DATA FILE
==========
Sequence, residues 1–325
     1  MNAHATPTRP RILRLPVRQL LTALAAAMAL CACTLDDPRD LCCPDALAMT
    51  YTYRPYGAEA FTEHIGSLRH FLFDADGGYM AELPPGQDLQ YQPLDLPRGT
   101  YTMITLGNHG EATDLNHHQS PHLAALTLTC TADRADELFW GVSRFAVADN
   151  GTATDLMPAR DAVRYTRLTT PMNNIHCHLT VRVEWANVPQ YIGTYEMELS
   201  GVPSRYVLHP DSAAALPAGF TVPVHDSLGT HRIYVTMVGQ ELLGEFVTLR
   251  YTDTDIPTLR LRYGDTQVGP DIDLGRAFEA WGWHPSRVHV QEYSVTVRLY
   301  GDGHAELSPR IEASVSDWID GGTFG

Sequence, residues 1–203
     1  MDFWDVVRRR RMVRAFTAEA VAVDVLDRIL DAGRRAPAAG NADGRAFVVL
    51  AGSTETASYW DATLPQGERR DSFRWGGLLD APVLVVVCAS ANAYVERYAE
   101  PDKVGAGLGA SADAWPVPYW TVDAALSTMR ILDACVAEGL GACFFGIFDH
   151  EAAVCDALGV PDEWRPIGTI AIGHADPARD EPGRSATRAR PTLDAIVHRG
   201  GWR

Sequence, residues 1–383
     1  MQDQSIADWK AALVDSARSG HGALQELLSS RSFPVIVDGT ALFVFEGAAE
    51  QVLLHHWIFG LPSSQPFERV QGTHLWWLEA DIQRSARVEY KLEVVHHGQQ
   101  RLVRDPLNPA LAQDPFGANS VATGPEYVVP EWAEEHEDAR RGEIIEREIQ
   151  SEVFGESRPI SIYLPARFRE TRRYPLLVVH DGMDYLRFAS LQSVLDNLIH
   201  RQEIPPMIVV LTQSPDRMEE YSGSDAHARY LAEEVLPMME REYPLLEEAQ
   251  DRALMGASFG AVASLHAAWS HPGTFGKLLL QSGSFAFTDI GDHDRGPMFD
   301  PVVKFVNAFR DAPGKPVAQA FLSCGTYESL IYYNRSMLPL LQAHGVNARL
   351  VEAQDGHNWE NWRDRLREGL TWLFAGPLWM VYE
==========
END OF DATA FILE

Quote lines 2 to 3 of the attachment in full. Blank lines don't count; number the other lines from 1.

     1  MNAHATPTRP RILRLPVRQL LTALAAAMAL CACTLDDPRD LCCPDALAMT
    51  YTYRPYGAEA FTEHIGSLRH FLFDADGGYM AELPPGQDLQ YQPLDLPRGT